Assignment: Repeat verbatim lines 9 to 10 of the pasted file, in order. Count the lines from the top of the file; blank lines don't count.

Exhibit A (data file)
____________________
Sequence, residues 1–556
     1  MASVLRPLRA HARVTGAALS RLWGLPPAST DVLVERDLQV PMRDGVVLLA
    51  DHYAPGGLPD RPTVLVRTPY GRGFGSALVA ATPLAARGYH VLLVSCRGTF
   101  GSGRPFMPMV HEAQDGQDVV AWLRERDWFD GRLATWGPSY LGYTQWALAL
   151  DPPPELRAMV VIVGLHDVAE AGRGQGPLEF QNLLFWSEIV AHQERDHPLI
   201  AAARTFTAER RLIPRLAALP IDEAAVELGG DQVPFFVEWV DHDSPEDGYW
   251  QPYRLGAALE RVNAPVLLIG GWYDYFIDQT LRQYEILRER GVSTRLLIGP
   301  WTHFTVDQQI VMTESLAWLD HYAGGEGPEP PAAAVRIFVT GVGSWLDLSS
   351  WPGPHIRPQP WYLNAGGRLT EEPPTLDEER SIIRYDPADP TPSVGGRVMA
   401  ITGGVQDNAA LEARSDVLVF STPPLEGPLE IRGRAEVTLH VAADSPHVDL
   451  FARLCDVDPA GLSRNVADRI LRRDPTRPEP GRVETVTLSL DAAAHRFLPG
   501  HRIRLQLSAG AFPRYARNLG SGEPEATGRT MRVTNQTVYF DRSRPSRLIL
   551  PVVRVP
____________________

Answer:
   351  WPGPHIRPQP WYLNAGGRLT EEPPTLDEER SIIRYDPADP TPSVGGRVMA
   401  ITGGVQDNAA LEARSDVLVF STPPLEGPLE IRGRAEVTLH VAADSPHVDL